Brexit: Will Scotland Call Another Independence Referendum?

Scottish flags
Campaigners wave Scottish Saltires at a 'Yes' campaign rally in Glasgow, Scotland on September 17, 2014. With the U.K. set to leave the EU, Scotland may hold a second independence referendum. Dylan Martinez/Reuters

Updated | The EU referendum was impossible to predict, pollsters said, though they managed to guess how Scotland would vote with great accuracy.

Scotland, they said, would overwhelmingly vote Remain, and at the time of writing, 30 of its 32 councils had come out in favor of staying in the EU. Across the rest of the U.K., Leave was leading with the country's leading broadcasters projecting a win for the Brexit side.

Should the U.K. leave the EU, this will pave the way for Scotland to demand a second independence referendum.

Ahead of the Scottish elections on May 5, 2016, the Scottish National Party (SNP) stated in their manifesto: "We believe that the Scottish parliament should have the right to hold another referendum if there is clear and sustained evidence that independence has become the preferred option of a majority of the Scottish people—or if there is a significant and material change in the circumstances that prevailed in 2014, such as Scotland being taken out of the EU against our will."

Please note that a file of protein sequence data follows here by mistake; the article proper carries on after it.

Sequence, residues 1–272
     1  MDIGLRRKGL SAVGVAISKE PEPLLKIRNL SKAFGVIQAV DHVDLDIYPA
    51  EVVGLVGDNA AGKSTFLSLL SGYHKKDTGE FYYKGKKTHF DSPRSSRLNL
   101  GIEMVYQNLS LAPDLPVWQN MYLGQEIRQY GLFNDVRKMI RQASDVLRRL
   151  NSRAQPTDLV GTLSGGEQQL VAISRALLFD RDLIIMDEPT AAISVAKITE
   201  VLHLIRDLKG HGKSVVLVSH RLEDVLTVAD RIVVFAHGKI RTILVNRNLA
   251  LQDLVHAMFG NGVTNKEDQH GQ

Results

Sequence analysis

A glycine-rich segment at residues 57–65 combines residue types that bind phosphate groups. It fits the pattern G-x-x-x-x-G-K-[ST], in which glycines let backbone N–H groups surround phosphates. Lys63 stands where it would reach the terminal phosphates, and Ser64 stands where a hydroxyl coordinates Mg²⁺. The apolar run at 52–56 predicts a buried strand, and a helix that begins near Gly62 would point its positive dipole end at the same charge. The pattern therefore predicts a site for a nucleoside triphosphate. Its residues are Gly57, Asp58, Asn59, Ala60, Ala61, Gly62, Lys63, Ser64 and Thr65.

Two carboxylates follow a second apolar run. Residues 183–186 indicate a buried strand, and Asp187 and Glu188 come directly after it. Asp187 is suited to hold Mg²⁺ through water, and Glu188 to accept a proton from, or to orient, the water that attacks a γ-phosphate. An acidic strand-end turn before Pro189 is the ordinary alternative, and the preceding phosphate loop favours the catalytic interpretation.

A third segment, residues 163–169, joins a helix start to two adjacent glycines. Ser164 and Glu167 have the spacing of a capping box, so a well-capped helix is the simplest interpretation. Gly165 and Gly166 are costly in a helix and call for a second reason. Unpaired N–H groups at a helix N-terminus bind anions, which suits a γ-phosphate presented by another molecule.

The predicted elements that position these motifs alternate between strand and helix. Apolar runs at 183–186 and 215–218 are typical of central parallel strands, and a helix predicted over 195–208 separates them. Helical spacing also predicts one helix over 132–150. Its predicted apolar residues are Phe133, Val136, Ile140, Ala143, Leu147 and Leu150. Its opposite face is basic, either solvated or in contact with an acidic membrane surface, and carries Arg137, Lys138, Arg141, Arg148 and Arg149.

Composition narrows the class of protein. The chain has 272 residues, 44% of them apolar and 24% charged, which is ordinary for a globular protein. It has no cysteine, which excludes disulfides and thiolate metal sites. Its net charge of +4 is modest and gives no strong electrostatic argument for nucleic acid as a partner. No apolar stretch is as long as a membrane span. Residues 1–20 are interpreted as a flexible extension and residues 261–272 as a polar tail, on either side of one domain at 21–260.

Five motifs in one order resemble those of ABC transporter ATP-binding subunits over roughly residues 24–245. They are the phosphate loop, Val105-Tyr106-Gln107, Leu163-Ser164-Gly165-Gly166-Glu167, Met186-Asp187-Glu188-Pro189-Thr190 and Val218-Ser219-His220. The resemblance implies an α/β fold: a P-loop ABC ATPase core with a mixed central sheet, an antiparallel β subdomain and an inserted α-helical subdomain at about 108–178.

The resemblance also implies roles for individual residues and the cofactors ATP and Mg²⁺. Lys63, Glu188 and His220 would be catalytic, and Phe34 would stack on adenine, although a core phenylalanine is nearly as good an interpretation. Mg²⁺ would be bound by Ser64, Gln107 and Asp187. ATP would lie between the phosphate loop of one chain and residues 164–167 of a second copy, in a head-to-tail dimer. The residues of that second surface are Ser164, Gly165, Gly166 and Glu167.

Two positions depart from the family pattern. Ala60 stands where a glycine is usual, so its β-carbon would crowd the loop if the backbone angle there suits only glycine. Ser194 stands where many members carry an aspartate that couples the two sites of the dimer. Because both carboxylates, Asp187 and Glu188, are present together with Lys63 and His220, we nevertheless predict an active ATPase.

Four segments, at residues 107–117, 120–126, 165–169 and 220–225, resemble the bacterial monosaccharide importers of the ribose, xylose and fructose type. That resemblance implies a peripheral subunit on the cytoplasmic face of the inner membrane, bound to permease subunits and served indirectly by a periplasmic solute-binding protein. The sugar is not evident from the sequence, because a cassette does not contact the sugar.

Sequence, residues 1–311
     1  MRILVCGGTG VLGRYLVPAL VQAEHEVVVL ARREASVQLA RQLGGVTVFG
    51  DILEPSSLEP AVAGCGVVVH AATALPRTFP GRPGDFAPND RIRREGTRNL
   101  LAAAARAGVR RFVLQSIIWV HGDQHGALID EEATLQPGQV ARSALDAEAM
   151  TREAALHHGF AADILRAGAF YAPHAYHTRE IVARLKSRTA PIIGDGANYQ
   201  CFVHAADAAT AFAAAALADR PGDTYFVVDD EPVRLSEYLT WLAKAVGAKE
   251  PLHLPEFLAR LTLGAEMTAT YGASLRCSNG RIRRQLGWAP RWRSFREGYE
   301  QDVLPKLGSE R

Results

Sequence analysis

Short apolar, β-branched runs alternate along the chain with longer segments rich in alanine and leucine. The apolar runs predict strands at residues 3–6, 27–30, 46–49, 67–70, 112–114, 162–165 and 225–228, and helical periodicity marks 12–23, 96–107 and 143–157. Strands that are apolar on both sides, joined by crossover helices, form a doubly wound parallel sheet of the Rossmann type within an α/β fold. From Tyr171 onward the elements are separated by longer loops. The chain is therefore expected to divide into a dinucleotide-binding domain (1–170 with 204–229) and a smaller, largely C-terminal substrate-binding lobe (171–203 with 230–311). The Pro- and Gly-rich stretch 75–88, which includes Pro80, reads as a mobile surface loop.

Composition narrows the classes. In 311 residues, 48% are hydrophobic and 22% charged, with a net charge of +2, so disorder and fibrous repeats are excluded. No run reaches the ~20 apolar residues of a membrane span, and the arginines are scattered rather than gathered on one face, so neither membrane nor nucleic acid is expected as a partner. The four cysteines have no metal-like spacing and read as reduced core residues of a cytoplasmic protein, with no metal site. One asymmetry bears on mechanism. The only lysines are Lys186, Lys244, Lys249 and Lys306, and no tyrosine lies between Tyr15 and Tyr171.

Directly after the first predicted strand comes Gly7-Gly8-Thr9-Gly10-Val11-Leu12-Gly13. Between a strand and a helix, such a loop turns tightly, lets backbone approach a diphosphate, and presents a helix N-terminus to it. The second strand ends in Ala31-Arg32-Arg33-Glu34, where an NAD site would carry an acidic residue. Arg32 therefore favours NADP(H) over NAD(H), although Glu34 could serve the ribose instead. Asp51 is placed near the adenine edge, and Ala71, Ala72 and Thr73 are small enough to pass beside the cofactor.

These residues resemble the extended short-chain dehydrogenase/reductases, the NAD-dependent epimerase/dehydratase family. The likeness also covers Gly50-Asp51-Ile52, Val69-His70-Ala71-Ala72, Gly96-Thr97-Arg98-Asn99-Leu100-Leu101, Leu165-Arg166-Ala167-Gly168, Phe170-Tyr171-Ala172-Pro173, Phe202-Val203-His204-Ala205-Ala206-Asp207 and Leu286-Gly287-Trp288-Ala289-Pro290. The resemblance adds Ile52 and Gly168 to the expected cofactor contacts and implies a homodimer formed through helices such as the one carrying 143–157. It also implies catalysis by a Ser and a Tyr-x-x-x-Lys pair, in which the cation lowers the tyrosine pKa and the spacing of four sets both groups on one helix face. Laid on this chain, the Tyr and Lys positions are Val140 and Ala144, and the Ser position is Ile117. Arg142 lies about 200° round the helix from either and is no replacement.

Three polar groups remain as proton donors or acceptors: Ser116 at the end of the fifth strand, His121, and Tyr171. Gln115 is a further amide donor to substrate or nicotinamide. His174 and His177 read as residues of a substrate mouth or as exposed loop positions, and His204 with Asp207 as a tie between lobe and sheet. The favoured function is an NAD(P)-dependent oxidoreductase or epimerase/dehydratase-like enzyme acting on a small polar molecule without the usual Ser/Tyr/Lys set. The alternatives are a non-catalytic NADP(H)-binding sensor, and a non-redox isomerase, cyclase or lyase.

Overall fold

It is the second part of that statement that may soon come true.

On September 18, 2014, Scotland went to the polls to vote on its first independence referendum. The results were conclusive. Just 45 percent of the votes cast were for Scotland to leave the U.K., a defeat for the pro-leave SNP.

It is not clear, however, if the 55 percent who wanted to remain, would vote differently in the event of a Brexit.

Nicola Sturgeon, Scotland's first minister said early Friday that "the vote here makes clear that the people of Scotland see their future as part of the European Union." While she did not mention her manifesto explicitly, she added that "Scotland has spoken—and spoken decisively."

Speaking to ITV News Alex Salmond, an SNP politician and former first minister of Scotland, mentioned the manifesto pledge but didn't expand further upon it.

Tasmina Ahmed-Sheikh, a senior SNP politician echoed Salmond and added that Nicola Sturgeon, Scotland's current first minister "had plans for all outcomes" in reference to the manifesto and that the public could "look forward to hearing from her."

The SNP may be waiting for the full list of results. Once they have been called, it seems unlikely that the party will forget its manifesto pledge.

This article has been updated to include Nicola Sturgeon's comments.